Speaker 3: Um, what, what is the unifying kind of look, I wouldn't be so worried about this or worried. That's what I am wondering. Why am I worried? Because the advocacy groups, including the ones I just named, yeah. We formed the coalition CCPR coalition for cannabis policy reform and we wrote an initiative and we tried to raise the money and we tried to do it and guess what? We couldn't, we couldn't raise the money. Why? Because our own people, guess what? We forgot to teach people all that time that they got to pay for the movement. We didn't teach them that and ever since 1996 when the first laws came out, they have always been funded by a small group of very wealthy people and that small group of very wealthy people then has a lot of influence on how the laws are written. And then as I mentioned, they pass the laws and then they go away and they leave the people in the state to implement the laws.

Speaker 3: And all throughout all of the laws is as they've changed its implementations, always been a rocky road and very hard Oregon, very hard implementing medical marijuana and did a great job and they're doing a great job also with their adult personal use laws up there. Yeah. And I'm friends with the advocates up there who have to sit on top of those meetings and the regulatory meetings and and get on the commissions that are going to implement this thing and lobby the commissions. And we never had. We just never have a central repository to put off all of our eggs in a basket. We just kind of all go do our own thing and I understand why we all have different missions. I'm a dispensary person. I'm to. I might have a different need than a cultivation person and and we might not be able to come up with a set of core desires that meet both of our needs.

Speaker 3: We might both go to the regulators and say we have different needs and the regulator is going to have to pick the best idea then. So unless we can get together and come up with sort of a one umbrella organization that we can all work under for implementation, the regulators are gonna get hit by all of us with different ideas and they're going to do whatever they want. But we have tons of organizations. We don't, we have enough organization to find one of them. No, you know what I mean? We're so individualistic. We'll probably end up with a thousand organizations all doing. So, you know, that's the thing. It's just a um, everybody, uh, there's a lot of what, of what I'm sure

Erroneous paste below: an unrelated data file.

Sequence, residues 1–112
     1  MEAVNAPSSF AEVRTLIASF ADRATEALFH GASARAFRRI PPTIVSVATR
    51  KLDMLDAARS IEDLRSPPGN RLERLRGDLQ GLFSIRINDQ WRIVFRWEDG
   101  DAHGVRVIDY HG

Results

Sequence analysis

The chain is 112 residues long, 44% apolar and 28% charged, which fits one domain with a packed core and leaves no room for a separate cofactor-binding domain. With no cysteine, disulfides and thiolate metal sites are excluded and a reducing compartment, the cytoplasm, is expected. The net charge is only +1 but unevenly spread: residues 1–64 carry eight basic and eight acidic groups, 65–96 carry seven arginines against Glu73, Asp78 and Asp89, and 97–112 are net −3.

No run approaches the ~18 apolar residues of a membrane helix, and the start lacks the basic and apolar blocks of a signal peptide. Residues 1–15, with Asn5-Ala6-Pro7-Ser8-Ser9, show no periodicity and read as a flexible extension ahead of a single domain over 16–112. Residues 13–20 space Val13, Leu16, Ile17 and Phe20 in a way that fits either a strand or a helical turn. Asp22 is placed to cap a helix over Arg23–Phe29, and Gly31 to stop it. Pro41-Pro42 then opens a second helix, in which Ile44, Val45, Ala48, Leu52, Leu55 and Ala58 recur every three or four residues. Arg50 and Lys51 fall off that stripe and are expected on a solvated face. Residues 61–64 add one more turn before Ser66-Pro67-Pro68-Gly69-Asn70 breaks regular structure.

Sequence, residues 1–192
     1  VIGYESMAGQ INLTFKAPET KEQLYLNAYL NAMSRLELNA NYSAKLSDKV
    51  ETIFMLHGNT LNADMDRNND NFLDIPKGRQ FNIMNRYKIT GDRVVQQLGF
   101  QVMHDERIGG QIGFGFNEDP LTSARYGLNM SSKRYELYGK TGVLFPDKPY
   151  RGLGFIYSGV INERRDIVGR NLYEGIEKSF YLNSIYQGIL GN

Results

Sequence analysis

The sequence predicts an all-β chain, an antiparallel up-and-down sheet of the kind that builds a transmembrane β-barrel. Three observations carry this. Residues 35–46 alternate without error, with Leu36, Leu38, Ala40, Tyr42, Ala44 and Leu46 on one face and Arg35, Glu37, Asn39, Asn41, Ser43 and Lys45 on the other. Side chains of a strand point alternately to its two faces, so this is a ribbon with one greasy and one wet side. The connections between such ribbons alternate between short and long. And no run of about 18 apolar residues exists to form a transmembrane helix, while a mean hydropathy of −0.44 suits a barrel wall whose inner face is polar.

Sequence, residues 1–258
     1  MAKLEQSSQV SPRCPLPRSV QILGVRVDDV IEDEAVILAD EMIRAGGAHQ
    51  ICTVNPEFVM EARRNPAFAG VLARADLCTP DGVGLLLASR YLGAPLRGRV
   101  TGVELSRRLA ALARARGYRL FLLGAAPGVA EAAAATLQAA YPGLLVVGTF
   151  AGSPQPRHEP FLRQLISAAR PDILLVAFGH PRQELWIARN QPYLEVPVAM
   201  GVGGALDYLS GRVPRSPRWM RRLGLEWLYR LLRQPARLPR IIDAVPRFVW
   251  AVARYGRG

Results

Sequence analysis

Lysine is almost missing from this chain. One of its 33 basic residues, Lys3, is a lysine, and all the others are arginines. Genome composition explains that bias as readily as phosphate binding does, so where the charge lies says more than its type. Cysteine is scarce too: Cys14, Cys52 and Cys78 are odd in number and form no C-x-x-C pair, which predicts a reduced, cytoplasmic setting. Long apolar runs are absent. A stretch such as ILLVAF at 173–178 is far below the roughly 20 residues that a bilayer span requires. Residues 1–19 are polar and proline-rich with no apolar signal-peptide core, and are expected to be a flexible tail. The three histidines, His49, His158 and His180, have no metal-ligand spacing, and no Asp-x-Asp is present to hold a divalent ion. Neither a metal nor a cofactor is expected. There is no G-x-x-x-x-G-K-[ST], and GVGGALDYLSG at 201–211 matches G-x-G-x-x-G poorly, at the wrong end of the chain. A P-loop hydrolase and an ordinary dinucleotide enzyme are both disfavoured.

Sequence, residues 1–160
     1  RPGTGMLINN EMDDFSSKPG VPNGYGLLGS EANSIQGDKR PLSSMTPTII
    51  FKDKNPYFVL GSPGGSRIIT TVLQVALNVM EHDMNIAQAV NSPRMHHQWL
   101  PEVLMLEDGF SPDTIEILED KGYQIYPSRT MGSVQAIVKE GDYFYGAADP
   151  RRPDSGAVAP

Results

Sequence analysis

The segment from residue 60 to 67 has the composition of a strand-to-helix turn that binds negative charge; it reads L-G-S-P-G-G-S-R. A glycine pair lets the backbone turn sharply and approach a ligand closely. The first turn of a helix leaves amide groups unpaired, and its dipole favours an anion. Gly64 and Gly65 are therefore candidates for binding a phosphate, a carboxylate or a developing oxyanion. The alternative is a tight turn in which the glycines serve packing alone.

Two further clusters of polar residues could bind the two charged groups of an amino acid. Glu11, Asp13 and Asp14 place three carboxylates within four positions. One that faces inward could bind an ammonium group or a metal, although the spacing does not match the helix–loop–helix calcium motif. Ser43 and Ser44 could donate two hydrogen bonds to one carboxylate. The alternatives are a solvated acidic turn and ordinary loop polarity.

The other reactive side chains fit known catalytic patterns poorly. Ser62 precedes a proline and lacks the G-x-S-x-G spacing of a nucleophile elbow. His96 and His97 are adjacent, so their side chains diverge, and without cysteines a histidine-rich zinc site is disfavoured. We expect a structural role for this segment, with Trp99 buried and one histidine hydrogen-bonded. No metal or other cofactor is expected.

Speaker 4: that if you and Steve to talking about two people said the same thing to a group of people. The group of people would do whatever you were talking about. Right? Well,

Speaker 3: look up. This is kind of what Oakland is trying to do. There's the city of Oakland's is my spokesperson right now in the city of Oakland. We're trying to make regulations. We made a law. Now we're making the regulations. We want our regulations to work and we were going to make really good regulations and that we're going to prove that they work. And then we're going to provide those to the state, right? That's how we're going to do it here. So what we've decided to do ourselves, we made these manufacturing regulations for making edibles, lemonade, onsite consumption regulations. Somebody has got to be first. So we're first. It's nightmarish because when you're first, oh my gosh, so much work, so many inspections and then. But it does give you the chance to show the government how it's done, here's how it's done. And then they can adopt our ideas into the regulations they made.